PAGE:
Tuesday, November 22, 2011

Chicken Emergency

Yesterday I was herding the chickens back into their enclosed run when I noticed that Big Martha was bleeding. She is the flightiest of our chickens, and it was a pain to catch her. When I did I found that she had a pretty big gash on the end of her back, about 1" by 2". It was really gross. I couldn't figure out what in the world could have happened. They were only out for an hour and Jeff was sitting at the kitchen table and didn't hear any squawking. I took her inside and wrapped her up in a towel so she couldn't flap her wings. She was actually pretty calm. Jeff helped me hold her while I washed out the wound and used hydrogen peroxide and neosporin. I tried to wrap it up but of course she was having none of that. After talking to my friend Linda, we think it was a skunk that attacked her from behind. We have had skunks in our neighborhood in the daytime, which according to the Animal Control people is not out of the ordinary and does not mean they are rabid. Linda said that skunks are vicious and nasty and really bad around chickens. Now Big Martha has to be on chicken lock-down because the others peck at the wound, the chicken version of kicking someone while they are down. She will have to stay caged up til she gets better. I made her a little living space which we have dubbed the 'double wide trailer,' which is two storage bins zip-tied together with an opening between them.

3 comments:

Shay said...

We seem to be overrun by skunks around town lately. I smell them all the time, yuck.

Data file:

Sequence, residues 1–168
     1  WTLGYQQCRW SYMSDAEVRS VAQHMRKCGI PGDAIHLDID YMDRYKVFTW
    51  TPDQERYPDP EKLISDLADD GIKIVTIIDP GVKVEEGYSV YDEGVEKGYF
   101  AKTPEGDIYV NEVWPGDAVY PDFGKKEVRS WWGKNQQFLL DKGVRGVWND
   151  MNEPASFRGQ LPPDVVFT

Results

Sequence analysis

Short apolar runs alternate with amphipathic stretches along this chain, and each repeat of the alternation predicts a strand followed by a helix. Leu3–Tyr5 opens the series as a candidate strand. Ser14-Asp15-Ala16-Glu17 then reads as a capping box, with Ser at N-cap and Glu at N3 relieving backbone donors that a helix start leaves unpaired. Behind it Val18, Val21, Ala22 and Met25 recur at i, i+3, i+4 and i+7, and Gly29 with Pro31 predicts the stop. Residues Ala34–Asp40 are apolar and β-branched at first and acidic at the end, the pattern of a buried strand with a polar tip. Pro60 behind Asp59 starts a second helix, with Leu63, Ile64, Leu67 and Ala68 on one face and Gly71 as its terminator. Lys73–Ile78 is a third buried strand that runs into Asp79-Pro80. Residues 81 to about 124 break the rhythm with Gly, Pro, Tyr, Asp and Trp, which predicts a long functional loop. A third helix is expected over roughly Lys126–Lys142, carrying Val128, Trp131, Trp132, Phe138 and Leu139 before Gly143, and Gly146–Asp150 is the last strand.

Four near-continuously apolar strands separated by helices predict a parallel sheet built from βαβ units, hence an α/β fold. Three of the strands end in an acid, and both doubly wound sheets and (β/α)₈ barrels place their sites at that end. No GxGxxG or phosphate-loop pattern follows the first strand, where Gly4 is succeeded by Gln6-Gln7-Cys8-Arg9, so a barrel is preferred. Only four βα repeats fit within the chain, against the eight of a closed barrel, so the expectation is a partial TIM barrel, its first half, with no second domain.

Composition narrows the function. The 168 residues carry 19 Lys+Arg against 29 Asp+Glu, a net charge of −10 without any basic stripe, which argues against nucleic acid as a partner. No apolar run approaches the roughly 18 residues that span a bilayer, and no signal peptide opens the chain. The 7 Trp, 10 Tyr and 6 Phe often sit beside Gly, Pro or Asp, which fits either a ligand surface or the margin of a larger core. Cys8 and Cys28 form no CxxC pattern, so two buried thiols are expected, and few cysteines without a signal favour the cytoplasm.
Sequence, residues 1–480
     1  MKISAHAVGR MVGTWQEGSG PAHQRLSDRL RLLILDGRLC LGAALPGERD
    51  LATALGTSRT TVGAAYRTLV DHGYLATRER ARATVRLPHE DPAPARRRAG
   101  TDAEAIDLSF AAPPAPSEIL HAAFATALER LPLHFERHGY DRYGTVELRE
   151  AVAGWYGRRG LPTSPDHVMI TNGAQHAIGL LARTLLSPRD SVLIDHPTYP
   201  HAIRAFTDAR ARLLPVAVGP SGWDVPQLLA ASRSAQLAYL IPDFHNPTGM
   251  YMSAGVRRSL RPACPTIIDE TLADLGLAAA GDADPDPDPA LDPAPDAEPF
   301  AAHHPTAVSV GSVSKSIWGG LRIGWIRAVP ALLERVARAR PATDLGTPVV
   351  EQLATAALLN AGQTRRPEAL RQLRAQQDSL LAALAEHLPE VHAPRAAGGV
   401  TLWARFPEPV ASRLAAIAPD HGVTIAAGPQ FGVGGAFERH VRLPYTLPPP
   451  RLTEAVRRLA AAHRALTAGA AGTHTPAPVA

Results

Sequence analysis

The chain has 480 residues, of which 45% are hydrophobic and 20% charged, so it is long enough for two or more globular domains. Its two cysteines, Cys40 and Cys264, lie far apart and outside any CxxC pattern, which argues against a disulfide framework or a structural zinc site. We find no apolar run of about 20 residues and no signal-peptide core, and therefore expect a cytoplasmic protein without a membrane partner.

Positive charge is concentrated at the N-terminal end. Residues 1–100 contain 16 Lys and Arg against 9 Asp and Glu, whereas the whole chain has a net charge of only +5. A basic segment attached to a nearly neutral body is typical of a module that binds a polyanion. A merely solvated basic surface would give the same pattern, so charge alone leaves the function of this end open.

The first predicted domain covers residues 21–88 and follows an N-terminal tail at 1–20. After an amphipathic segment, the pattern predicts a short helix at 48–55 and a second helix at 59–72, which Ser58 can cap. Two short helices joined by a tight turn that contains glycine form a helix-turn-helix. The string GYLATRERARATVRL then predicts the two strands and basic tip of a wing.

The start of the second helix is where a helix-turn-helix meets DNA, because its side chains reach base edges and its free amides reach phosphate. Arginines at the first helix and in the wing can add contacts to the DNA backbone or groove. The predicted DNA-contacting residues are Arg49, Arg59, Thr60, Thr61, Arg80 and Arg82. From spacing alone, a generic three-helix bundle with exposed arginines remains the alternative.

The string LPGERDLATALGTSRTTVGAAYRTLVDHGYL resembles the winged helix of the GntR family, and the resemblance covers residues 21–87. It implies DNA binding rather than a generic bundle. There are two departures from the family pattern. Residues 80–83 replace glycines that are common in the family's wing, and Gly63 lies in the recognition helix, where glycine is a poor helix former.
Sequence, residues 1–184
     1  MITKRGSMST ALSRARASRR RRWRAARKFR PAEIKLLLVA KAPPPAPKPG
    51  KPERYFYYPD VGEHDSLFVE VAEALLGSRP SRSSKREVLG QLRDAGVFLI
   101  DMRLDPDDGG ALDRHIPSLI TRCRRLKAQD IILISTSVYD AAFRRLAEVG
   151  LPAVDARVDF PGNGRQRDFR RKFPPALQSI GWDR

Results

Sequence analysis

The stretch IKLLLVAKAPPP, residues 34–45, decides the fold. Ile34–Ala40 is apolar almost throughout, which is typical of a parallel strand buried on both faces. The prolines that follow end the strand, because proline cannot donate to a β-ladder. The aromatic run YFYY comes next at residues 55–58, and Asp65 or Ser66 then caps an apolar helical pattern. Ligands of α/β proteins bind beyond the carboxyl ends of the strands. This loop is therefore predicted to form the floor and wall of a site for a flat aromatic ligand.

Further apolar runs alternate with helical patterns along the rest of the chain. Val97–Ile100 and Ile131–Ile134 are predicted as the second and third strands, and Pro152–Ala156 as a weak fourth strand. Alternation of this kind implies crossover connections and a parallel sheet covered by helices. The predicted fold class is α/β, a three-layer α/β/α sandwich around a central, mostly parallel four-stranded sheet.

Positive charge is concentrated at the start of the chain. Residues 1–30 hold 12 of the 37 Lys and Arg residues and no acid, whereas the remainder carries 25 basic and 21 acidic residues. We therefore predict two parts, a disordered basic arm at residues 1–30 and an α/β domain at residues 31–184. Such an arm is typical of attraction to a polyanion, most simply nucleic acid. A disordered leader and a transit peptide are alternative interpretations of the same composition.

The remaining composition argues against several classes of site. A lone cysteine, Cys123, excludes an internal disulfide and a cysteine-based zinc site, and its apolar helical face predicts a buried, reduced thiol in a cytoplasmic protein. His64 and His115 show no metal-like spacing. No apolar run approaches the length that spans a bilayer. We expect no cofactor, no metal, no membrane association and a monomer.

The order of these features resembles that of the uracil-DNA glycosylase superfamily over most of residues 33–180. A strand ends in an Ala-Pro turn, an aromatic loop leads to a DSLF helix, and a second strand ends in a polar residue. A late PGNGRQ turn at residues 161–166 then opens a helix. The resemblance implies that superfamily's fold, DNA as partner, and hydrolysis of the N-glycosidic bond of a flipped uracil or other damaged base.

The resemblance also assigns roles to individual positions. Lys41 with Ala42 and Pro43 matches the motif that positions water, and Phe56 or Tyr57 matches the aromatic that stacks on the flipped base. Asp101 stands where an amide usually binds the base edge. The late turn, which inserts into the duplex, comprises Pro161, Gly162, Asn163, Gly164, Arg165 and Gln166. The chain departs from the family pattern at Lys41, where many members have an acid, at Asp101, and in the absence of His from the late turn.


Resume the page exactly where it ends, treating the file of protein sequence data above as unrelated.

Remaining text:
Phillip and Rachel said...

You and your chicks Meg...hilarious...and you think we're wierd for loving our dogs :)

Terry and Linda said...

How is she doing? Shannon had a chicken get a hurt leg. So bad it didn't seem to have any feeling in it. We put her in the dog crate, since the others were pecking on her. Left her there for three days and three nights. During that time Shannon massaged the drumstick area of the leg. On the fourth day (You might be able to let your hen out now) she let her go. She spent the night with the rest of the girls and in the morning seemed to be holding her own with the others.

Skip forward two weeks....the leg is starting to respond and she is able to not only bear her own weight but is walking on it instead of hopping.

As the wound heals you can let your hen back in with the flock. As the feathers grow back in (they will look like pins sticking out everywhere) she will be as if she was never hurt.

Hope you catch the skunk!!!

Linda
http://coloradofarmlife.wordpress.com
http://deltacountyhistoricalsociety.wordpress.com